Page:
Yoga is originally considered a branch of Hindu philosophy (astika), but both ancient and modern Yoga combine the physical, mental and spiritual. Yoga teaches various physical techniques also known as āsanas (postures), used for various purposes (eg., meditation, contemplation, relaxation).
Shaivism (Shaiva philosophy)
1) Raśmi (रश्मि) refers to a “bridle”, according to the Netratantra of Kṣemarāja: a Śaiva text from the 9th century in which Śiva (Bhairava) teaches Pārvatī topics such as metaphysics, cosmology, and soteriology.—Accordingly, [verse 13.17-25ab, while describing the appearance and worship of Sūrya]—“Now, I explain that which consists of light [i.e., Sūrya]. [...] [The Mantrin] should imagine [Sūrya] with one hand [holding] a vajra [and] one a bridle (raśmi—raśmimekena dhārayet). [He is] mounted on a chariot [on which are yoked] seven horses. [He] wears a serpent as a sacred thread [and] a garland of red flowers [and is] anointed with red perfume. [...]”.
2) Raśmi (रश्मि) refers to a “ray of light”.—Accordingly, [verse 13.25cd-28, while describing the appearance and worship of Viśvakarman]—“Furthermore, [I shall describe] Viśvakarman, the Lord of the world. [He] is bright as a ray of light (raśmi-saṃyuta), risen alone [i.e., from itself]. [Viśvakarman] has [either] two or four arms. [When he has four hands he] bears a stone cutter’s chisel and a book with [his] beautiful right hand. [In the left he holds] a clamp and a cord. [...]”.
Shaiva (शैव, śaiva) or Shaivism (śaivism) represents a tradition of Hinduism worshiping Shiva as the supreme being. Closely related to Shaktism, Shaiva literature includes a range of scriptures, including Tantras, while the root of this tradition may be traced back to the ancient Vedas.
General definition (in Hinduism)
1) Raśmi (रश्मि) is not rarely found in the sense of ‘rope’ generally; but more usually it denotes either the ‘reins’ or the ‘traces’ of a chariot, either sense being equally good in most passages.
2) Raśmi (रश्मि) in the Rigveda and later regularly denotes a ‘ray’ of the sun.
Mahayana (major branch of Buddhism)
Raśmi (रश्मि, “rays”).—According to the 2nd century Mahāprajñāpāramitāśāstra (chapter XIV), there are occasions (samaya) when the Buddha emits great rays (raśmi) and manifests his great miraculous power (ṛddhibala): when he attains bodhi, when he turns the wheel of Dharma (dharmacakra), when a great assembly of Devas and Āryas gathers, when he astounds the heretics (tīrthika). He emits great rays on all these occasions. Indeed, it is in order to manifest his superiority (viśeṣa) that he emits great rays, so that all the beings of the ten directions, human and divine, so that all the Arhats, Pratyekabuddhas and Bodhisattvas might know him by sight. This is why he enters into the samādhirājasamādhi.Source: academia.edu: A Study and Translation of the Gaganagañjaparipṛcchā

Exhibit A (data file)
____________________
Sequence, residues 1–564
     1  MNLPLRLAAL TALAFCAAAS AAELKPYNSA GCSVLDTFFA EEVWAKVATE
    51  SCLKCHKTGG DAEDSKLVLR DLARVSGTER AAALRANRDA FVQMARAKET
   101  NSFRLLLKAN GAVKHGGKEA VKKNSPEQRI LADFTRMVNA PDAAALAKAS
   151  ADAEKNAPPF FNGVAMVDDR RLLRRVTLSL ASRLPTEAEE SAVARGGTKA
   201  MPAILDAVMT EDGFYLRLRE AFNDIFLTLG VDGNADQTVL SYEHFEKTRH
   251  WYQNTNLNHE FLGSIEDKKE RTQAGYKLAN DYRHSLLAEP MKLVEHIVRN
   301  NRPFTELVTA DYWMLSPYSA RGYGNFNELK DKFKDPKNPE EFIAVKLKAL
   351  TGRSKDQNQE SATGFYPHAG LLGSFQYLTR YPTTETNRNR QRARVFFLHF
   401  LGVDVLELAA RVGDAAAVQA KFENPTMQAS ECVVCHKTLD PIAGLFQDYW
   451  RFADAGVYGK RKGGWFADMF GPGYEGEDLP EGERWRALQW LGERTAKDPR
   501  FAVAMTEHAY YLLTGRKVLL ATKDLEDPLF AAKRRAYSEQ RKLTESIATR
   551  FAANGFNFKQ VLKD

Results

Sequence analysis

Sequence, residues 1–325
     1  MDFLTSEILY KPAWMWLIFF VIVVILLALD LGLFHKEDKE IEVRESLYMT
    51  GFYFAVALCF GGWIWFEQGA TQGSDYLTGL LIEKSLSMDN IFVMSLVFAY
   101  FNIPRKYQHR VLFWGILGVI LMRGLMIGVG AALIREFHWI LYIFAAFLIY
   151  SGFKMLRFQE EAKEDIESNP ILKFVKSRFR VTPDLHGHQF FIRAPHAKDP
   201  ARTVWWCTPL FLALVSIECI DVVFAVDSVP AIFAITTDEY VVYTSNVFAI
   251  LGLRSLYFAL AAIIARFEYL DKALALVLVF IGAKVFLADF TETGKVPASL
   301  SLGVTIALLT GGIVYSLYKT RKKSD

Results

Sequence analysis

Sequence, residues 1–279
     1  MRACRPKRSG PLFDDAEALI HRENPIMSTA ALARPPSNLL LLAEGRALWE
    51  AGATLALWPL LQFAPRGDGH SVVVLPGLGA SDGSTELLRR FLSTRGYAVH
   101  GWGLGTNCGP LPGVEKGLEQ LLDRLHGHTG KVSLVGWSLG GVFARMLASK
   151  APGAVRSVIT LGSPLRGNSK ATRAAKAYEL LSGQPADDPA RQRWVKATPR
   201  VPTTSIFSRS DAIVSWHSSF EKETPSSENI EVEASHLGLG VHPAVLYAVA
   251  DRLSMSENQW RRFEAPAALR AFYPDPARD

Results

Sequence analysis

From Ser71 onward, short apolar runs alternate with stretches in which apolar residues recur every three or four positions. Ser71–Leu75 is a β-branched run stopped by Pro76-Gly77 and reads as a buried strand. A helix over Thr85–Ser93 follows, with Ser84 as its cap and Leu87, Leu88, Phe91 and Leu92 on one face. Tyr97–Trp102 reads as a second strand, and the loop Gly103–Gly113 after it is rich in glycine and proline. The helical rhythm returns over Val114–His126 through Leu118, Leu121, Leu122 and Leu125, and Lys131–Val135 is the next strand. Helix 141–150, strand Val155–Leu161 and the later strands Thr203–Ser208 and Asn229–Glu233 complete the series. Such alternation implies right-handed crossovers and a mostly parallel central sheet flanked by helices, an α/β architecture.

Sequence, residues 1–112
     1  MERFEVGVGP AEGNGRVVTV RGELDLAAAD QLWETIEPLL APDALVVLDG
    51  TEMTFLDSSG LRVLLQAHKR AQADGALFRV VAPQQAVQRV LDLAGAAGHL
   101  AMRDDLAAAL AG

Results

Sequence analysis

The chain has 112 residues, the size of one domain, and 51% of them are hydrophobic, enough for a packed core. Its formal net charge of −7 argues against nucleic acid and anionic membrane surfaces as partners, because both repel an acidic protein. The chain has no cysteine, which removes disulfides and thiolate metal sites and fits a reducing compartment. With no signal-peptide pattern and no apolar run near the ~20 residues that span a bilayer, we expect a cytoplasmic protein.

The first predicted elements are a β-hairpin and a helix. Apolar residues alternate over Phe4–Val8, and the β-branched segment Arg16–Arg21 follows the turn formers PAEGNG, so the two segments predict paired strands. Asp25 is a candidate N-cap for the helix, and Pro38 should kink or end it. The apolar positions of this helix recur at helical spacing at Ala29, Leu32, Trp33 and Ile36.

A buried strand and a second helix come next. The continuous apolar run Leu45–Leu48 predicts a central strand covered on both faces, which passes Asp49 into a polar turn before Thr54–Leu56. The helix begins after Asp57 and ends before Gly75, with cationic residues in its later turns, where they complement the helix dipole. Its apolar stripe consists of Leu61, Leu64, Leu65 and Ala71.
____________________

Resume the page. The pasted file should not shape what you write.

Raśmi (रश्मि) refers to the “infinite rays”, according to the Gaganagañjaparipṛcchā: the eighth chapter of the Mahāsaṃnipāta (a collection of Mahāyāna Buddhist Sūtras).—Accordingly, “The great vehicle (mahāyāna) is made with four wheels (cakra), namely with the means of attraction, the spokes (ara) are well fitted as the roots of good have been transformed with intention, [...] has the pure and wide light of infinite rays (raśmi) so that it can illuminate the ten directions, is always filled with flowers because the rain of flowers (puṣpavarṣa), namely the limbs of awakening (bodhyaṅga), continually pours down, is equipped with musical instruments which always produce the sound of dharma (dharmasvara), [...]”.Source: De Gruyter: A Buddhist Ritual Manual on Agriculture
Raśmi (रश्मि) refers to the “rays (coming forth from one’s body)”, according to the Vajratuṇḍasamayakalparāja, an ancient Buddhist ritual manual on agriculture from the 5th-century (or earlier), containing various instructions for the Sangha to provide agriculture-related services to laypeople including rain-making, weather control and crop protection.—Accordingly, “Now there lived a Brahmin called Viṣṇudatta in Navanagara. [...] He enchanted an iron stake and placed it on the head of that Nāga. The head of the Nāga burst and it felt great pain. The Nāga became extremely angry with great fury. Then in a moment, an instant, a short time, the Nāga’s body was overcome with great pain by the intensity of swaying. Then because of this rays (raśmi) came forth from its body and the fields of the Brahmin were burnt. [...]”.
Mahayana (महायान, mahāyāna) is a major branch of Buddhism focusing on the path of a Bodhisattva (spiritual aspirants/ enlightened beings). Extant literature is vast and primarely composed in the Sanskrit language. There are many sūtras of which some of the earliest are the various Prajñāpāramitā sūtras.